When it comes to complaining about poor exchange rates for the U.S. dollar, American tourists traveling to Europe have nothing on tourists headed into space.
The cost of flying to the international space station aboard a Russian Soyuz spaceship has increased from $25 million earlier this year to between $30 million and $40 million for trips planned in 2008 and 2009.
"It's mostly because of the fallen dollar," Eric Anderson, president and chief executive officer of Space Adventures, told The Associated Press on Wednesday. His company brokers the trips with Russia's space agency.
A U.S. dollar currently is worth about 25 1/2 Russian rubles, compared with 32 rubles in 2002.
Five space tourists have paid $20 million to $25 million to visit the space station via the Soyuz vehicles through trips arranged by Space Adventures. The company announced Wednesday that two more Soyuz seats have been purchased for tourists to fly in the fall of 2008 and the spring of 2009.
Anderson said the space tourists flying in the two new seats likely would be an American and an Asian, but he offered no further details on Wednesday.
Space Adventures said the identities of the would-be fliers would be announced sometime in the next few weeks. "We have finalized the contracts with those who will fly on future seats, but we are always willing to speak to multiple individuals for a specific seat and encourage other interested parties to step forward and contact us, because the most willing and committed ultimately gets to go first," Anderson said in Wednesday's written announcement.
In May, Anderson told MSNBC.com that the next space passenger would be an American male. He also said the flight would mark "another first." That was a reference to April's flight of software executive Charles Simonyi, the first billionaire to go into space.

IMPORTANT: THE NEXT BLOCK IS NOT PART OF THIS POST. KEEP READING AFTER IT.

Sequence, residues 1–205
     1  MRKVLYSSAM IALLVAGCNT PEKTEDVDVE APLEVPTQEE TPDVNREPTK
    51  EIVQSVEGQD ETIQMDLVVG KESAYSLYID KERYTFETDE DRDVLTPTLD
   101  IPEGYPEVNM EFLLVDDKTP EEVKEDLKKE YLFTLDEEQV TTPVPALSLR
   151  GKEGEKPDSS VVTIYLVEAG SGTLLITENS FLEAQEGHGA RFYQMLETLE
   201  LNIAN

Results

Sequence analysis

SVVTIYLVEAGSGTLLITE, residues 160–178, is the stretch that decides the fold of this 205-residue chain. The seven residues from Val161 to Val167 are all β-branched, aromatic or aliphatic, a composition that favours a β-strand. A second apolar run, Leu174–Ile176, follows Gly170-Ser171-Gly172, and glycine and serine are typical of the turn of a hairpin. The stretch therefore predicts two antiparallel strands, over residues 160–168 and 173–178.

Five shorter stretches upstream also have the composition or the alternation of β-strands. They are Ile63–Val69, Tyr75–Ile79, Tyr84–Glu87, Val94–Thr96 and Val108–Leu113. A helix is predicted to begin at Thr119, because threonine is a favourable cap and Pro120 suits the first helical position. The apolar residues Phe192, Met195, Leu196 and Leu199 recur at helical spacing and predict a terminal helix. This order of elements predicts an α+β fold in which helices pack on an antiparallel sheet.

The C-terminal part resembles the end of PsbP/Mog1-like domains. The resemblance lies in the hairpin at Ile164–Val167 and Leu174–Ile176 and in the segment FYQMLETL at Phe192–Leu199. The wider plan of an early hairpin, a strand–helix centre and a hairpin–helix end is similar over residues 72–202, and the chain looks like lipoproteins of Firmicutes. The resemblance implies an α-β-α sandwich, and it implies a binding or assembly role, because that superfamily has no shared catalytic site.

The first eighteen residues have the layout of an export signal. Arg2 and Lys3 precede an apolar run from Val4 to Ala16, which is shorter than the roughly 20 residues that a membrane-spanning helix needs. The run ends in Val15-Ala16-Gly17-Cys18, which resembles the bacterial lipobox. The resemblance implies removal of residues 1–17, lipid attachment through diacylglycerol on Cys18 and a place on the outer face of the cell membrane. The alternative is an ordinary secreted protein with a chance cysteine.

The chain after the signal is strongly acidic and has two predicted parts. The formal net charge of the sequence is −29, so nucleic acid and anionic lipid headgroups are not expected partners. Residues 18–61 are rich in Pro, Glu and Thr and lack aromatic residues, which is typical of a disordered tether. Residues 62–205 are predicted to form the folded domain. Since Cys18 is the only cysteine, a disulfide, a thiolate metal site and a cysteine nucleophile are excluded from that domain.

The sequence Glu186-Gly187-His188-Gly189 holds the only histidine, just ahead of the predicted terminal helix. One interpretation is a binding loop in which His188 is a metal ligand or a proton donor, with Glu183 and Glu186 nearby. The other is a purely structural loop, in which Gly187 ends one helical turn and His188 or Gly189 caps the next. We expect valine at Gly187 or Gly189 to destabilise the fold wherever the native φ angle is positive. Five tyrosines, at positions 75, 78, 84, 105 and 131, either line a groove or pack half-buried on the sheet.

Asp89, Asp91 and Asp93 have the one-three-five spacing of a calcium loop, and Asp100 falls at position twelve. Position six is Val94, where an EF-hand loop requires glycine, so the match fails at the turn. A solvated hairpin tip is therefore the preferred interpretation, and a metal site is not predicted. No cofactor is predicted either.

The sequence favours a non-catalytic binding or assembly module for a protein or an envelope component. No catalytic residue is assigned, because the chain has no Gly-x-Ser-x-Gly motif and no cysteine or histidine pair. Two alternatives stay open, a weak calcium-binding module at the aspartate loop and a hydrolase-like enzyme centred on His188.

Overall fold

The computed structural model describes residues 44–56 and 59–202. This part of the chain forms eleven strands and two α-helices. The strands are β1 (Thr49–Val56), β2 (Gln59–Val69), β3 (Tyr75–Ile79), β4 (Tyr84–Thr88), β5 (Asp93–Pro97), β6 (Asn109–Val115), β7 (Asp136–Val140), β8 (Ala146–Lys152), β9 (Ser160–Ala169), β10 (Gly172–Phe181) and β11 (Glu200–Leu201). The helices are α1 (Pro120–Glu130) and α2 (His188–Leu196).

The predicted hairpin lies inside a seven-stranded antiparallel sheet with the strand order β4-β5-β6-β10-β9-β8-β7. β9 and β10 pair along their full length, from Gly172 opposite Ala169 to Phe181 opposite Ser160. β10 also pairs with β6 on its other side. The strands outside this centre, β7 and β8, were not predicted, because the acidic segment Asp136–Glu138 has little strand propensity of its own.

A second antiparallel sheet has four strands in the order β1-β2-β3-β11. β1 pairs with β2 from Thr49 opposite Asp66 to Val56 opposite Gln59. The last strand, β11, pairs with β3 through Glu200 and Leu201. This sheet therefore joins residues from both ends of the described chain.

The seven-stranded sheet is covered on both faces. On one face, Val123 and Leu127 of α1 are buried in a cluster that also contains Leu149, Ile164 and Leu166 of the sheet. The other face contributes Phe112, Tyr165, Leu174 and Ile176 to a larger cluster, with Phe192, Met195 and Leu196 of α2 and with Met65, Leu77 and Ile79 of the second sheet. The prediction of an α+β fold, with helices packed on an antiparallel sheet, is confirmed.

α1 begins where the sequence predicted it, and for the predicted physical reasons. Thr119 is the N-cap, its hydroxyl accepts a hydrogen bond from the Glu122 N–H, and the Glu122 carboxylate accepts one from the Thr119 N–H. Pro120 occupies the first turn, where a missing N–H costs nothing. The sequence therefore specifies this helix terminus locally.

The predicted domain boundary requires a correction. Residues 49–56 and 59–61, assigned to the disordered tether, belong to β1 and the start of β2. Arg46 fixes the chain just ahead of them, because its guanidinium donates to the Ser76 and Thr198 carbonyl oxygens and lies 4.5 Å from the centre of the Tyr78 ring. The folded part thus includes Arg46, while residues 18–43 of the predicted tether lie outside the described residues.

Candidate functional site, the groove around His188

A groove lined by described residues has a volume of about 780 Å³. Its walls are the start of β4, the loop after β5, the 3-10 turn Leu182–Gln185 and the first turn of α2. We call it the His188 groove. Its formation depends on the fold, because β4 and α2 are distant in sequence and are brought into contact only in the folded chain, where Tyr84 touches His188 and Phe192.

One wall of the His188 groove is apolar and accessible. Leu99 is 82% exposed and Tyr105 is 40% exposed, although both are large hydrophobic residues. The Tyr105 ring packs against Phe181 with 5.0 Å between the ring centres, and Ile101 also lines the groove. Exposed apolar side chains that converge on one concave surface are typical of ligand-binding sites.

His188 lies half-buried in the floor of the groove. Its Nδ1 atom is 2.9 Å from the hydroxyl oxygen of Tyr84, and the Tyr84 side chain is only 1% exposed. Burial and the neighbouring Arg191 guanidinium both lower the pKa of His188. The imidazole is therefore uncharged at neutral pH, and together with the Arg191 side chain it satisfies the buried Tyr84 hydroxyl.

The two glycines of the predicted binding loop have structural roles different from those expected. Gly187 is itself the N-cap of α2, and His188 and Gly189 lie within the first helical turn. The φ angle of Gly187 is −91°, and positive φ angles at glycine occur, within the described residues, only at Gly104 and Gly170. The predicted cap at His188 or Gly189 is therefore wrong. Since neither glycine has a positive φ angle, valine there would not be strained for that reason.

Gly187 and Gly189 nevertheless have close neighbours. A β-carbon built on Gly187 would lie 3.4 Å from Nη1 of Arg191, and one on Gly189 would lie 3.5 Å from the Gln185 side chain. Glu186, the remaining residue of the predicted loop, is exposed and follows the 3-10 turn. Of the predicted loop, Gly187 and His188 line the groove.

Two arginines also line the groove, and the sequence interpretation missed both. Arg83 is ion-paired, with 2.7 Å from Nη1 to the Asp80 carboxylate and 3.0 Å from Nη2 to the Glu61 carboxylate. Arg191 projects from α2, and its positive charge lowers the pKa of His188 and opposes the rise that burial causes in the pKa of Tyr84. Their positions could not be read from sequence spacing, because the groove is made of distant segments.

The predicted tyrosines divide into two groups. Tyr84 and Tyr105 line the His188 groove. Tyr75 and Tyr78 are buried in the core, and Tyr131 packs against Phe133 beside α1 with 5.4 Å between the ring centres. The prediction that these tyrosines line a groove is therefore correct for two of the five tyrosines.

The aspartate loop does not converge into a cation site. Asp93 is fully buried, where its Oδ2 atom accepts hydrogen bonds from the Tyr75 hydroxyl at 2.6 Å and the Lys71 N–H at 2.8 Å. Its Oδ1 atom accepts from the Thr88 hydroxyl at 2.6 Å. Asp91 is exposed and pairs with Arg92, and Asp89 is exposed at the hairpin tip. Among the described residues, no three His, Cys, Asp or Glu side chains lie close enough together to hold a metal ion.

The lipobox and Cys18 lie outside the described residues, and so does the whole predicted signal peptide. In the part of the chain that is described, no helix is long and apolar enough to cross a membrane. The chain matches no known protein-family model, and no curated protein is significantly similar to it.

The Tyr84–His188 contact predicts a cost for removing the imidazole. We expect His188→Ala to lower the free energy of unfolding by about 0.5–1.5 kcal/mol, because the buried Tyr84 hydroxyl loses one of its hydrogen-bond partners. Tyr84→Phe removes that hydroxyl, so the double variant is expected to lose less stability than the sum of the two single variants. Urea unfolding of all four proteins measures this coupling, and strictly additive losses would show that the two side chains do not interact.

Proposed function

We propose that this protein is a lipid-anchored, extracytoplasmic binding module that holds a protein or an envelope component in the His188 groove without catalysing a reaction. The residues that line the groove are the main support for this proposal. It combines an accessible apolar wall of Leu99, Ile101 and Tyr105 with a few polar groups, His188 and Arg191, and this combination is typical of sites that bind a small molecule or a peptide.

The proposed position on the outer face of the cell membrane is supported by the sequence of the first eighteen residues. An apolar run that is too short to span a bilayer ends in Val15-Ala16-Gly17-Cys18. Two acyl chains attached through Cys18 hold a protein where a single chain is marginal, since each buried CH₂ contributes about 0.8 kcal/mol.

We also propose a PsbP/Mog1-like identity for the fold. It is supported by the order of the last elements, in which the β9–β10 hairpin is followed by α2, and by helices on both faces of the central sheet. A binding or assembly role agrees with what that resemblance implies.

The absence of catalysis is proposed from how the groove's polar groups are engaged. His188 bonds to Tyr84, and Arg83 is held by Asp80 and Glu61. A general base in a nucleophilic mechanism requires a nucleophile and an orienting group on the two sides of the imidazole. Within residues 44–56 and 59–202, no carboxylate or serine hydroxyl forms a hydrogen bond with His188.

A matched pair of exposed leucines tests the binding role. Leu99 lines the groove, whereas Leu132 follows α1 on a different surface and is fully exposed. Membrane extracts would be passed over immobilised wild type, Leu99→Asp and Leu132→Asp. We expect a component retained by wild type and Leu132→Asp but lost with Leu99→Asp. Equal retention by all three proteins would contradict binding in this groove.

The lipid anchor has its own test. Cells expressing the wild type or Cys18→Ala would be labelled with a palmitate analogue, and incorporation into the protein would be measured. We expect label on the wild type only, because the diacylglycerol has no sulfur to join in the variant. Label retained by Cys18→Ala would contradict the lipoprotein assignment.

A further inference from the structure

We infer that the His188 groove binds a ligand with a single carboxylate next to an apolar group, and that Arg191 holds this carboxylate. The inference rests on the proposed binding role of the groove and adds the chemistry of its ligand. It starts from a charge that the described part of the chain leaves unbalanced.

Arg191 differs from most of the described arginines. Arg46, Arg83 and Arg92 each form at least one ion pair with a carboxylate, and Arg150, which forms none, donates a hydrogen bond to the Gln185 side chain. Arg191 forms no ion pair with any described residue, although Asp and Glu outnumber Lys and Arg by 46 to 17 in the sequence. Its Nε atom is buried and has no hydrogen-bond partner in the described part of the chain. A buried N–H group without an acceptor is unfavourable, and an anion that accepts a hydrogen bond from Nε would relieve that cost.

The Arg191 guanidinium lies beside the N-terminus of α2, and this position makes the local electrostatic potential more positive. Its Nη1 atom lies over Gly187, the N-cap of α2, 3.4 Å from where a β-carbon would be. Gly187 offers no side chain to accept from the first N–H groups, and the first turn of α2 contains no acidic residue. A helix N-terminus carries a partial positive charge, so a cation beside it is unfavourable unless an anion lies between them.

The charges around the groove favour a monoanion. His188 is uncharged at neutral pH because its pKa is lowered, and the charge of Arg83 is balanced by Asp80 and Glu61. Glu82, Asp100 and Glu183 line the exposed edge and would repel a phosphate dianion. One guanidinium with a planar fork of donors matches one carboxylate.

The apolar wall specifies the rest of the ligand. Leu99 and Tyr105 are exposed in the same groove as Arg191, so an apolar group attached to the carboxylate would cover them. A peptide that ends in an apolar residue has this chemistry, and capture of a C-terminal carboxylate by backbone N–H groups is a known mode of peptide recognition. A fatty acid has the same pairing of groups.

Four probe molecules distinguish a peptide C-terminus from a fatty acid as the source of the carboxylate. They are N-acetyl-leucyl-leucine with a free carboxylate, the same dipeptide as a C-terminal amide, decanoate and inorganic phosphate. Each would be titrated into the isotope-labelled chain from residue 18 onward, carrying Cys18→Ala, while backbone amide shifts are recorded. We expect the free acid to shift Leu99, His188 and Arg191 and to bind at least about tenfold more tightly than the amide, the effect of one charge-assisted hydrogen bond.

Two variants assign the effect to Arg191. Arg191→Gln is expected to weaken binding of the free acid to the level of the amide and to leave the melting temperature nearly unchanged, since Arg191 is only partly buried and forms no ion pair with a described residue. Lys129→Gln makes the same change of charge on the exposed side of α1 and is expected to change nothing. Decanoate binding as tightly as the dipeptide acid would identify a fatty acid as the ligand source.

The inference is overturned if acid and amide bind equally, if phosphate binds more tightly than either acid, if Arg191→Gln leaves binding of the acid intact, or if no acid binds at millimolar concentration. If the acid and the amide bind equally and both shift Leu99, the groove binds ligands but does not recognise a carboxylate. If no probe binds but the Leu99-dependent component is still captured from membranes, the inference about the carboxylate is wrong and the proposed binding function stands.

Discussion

Prospective space tourists must put down a 20 percent deposit, pass physical examinations and later undergo training at a Russian space facility.
About a dozen prospective space tourists are in the process of reserving flights to the space station, even as the number of available seats on the three-man Soyuz vehicles is likely to diminish after space shuttles are grounded in 2010.
NASA is going to rely on the Soyuz vehicles to deliver astronauts to the space station between the end of the shuttle program in 2010 and the expected first manned flight in 2015 of the next-generation spacecraft, Orion, which NASA hopes takes astronauts back to the moon by 2020. Additionally, the three-member space station crew, consisting of U.S. astronauts and Russian cosmonauts, is expected to double in size in 2009.
"We're certainly working out ways to get more seats," Anderson said. "With the competition at that point, it becomes more difficult."
This report includes information from The Associated Press and MSNBC.com.